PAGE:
After high school graduation, Nealy had planned to attend a community college and seek a nursing degree, which would have been free. Instead, she went in a different direction and headed north to Langston University (LU). She qualified for the full-ride Edwin P. McCabe scholarship, which is awarded to first-time freshmen entering college after high school graduation.

“LU found me! Everything was paid for, my books, my food, my fees, and my room and board. I did not have to come out of pocket for anything, which was so comforting for me. Langston University’s nursing program was competitive and offered a challenging curriculum,” Nealy said.

LU’s interim President, Dr. Ruth Ray Jackson stands firm, saying its School of Nursing and Health Professions is shaped intentionally to exceed the nation’s nursing standards.

“Langston University’s nursing program goes beyond these fundamentals by integrating content that addresses healthcare disparities and seeks to improve health outcomes in underserved populations. Additionally, our program also places a strong emphasis on leadership development, preparing graduates to assume leadership and advocacy roles within a variety of healthcare settings,” Jackson said.

Dr. Teressa Hunter, LU’s Dean of the School of Nursing and Health Professions, says it is the school’s mission that drives the rigor.

“Langston University’s nursing curriculum is purposefully designed to be rigorous to support our students, so they are equipped to navigate clinical practice and leadership roles with a focus on the best outcomes. It is crucial to teach our students that when faced with challenges, they need to know how to respond positively, and when challenges come, rewards often follow,” Hunter said.

LU Director of Alumni, Rachel Goff-Belmon, and Nealy have four common bonds. The two are LU graduates, McCabe scholars, members of Delta Sigma Theta Sorority, Inc., (DST), and were classmates during their undergraduate years.

“I served as the President of the Beta Upsilon Chapter of DST for several years in college. This position allowed me to grow my supervisory skills and experience in stewarding others,” Nealy said.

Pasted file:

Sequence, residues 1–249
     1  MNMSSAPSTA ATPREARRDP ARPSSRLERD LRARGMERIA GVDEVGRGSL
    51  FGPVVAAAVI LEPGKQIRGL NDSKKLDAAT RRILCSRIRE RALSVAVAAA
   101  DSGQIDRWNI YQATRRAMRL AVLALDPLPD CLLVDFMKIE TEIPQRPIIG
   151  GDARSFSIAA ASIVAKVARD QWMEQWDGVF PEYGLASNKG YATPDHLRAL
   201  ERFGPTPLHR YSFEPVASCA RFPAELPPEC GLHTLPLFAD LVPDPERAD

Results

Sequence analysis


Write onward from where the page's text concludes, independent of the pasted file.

“Soror Nealy’s administration style is to lead by example. She demonstrated this by keeping the chapter in compliance with her organizational skills. She orchestrated the chapter’s efforts to implement programs that align with the sorority’s Five-Point Programmatic Thrust and modeled her commitment to academic excellence through her high graduate point average (GPA),” Belmon said.

Belmon stressed Nealy rendered wholehearted ‘service’ by assisting fellow nursing students while demonstrating a deep understanding of the importance of diversity in the nursing field.

Nealy says OU Health supported her desire to continue as a lifelong learner.

“OU Health as an organization has put in place many programs to pursue higher education and advanced training or advanced certification, which benefit the working adult,” she said.

Nealy completed a Bachelor of Science in Nursing in 2009, graduating Magna Summa Laude with, a 3.50 GPA. She earned a Master of Science in Nursing, with a focus on nursing management and leadership, made available by OU Health’s tuition reimbursement program. Currently, Nealy is working on her Doctor of Nursing Practice (DNP), a degree-accelerated program, supported by OU Health partnership in collaboration with the OU College of Nursing, and the Fran and Earl Ziegler College of Nursing. Her DNP is a terminal degree, which is scheduled to be conferred in May 2025.

“As an OU Health employee, the program pays for my tuition, books, and fees. Each step has afforded me something different. In terms of the MSN level, I learned a lot about leadership styles and ways of communicating with your team. At the DNP level, we look at problem system-level issues and try to understand how we can improve the organization as a whole. OU Health has invested in me as an individual employee,” Nealy said.